To address these priorities, our framework for pricing and paying for transportation has to evolve beyond the antiquated formulas designed to serve the needs of an America that no longer exists, and focus instead on the transportation priorities of today.
In our white paper, Shifting Gears, we argue that such an approach should be based on two simple principles.
First, taxes and fees on transportation must reflect the full costs our transportation choices impose on society. Cleaner, healthier and more sustainable forms of transportation – like riding a bus or driving an EV – should be cheaper than dirtier and more dangerous modes, and transportation taxes and fees should be oriented toward encouraging the use of the least-impactful mode for every trip. This means imposing taxes or fees that recover the cost of pollution, road wear, congestion and other societal impacts imposed by vehicle use, whether in the form of impact-specific charges like congestion pricing and VMT fees, or other taxes commensurate with a given mode of transportation’s impact on society. Larger, more damaging vehicles should pay higher taxes and fees than small ones; gas- and diesel-powered vehicles should pay higher taxes and fees than electric ones. And there is no scenario in which a trip by public transit should be more expensive than a competing car trip.
Second, revenues derived from gas taxes and other driving-related fees should be spent on projects that deliver the greatest benefit to society. Thinking of fuel taxes as “user fees” that can and should only be spent on roads means they can’t be spent on things that we actually need. That has to change. These taxes are taxes like any other, and, like any other tax, should be spent where they would do the most good – whether that’s in the transportation arena or elsewhere.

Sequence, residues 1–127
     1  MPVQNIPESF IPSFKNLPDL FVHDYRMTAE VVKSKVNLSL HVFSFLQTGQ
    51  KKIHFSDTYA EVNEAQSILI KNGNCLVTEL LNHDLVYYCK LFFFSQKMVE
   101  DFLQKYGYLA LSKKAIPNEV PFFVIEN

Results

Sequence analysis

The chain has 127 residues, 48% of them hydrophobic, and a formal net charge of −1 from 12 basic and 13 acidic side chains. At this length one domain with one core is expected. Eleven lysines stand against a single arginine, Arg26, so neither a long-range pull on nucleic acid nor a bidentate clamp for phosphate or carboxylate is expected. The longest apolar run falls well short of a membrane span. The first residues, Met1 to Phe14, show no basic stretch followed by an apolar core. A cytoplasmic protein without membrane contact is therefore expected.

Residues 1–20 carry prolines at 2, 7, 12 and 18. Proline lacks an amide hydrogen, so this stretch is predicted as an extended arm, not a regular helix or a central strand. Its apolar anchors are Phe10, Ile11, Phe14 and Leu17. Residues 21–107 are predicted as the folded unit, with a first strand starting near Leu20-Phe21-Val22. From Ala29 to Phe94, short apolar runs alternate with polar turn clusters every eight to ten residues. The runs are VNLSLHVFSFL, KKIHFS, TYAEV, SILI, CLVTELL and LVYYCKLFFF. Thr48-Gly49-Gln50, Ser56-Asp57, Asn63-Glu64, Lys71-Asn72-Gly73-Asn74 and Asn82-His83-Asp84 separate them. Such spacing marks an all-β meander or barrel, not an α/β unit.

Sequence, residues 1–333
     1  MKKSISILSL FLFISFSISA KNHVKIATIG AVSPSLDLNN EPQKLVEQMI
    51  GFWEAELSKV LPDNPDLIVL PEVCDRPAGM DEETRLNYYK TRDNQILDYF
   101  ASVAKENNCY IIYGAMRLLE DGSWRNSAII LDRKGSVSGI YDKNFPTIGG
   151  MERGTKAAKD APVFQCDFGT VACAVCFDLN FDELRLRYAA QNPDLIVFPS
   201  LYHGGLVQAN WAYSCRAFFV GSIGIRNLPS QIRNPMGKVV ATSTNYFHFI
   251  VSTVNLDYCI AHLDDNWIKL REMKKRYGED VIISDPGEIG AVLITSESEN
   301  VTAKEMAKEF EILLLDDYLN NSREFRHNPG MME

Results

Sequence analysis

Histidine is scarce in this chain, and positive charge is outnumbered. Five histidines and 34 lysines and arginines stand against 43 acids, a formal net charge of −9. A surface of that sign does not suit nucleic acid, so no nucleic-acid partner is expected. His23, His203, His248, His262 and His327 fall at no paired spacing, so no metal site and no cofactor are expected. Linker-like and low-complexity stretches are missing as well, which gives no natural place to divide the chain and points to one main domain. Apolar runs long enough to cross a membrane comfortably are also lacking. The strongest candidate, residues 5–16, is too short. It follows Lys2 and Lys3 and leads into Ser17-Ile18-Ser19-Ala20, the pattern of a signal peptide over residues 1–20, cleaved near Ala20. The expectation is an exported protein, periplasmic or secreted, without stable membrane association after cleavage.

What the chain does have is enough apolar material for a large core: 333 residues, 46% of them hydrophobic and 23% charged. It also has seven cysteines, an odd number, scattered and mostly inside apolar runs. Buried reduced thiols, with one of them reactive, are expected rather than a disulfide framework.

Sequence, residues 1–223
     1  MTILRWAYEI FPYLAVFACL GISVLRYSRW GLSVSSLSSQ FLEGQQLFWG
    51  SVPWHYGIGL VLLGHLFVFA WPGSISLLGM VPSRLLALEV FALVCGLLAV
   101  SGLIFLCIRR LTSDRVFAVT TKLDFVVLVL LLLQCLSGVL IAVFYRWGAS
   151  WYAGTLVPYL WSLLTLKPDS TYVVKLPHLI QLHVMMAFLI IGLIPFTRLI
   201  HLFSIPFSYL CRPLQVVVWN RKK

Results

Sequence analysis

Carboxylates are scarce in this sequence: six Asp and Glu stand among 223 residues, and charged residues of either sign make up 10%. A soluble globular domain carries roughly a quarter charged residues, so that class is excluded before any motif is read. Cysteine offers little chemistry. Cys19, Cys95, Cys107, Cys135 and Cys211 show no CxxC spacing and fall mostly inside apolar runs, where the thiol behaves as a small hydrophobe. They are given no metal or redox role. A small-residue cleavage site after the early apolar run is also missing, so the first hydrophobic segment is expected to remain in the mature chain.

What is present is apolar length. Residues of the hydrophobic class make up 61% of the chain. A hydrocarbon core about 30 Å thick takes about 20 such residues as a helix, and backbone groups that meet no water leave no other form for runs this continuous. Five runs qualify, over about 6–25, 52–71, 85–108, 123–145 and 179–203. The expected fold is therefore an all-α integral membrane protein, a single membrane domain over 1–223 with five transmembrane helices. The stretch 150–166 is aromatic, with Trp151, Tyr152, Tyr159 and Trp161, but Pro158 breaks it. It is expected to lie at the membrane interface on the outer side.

As far as transportation is concerned, this means eliminating provisions in federal and state law that encourage spending on wasteful highway projects, and ensuring that transit, biking, walking and demand reduction policies are treated at least equally to – and ideally given preference over – highway projects. Transportation investments should be made on the basis of clear goals that further the real priorities of the 21st century, including reducing carbon emissions, reducing air and water pollution, reducing the number of road crashes and deaths, expanding transportation options and supporting thriving, healthy communities.
In the early 20th century, policymakers designed a system of transportation finance geared to the needs of the times. Today, in the early 21st century, it is time for policymakers to reimagine our transportation finance system to do the same.
Image: Brendan Beale, via Unsplash.
Policy Analyst, Frontier Group
James Horrox is a policy analyst at Frontier Group, based in Los Angeles. He holds a BA and PhD in politics and has taught at Manchester University, the University of Salford and the Open University in his native UK. He has worked as a freelance academic editor for more than a decade, and before joining Frontier Group in 2019 he spent two years as a prospect researcher in the Public Interest Network's LA office. His writing has been published in various media outlets, books, journals and reference works.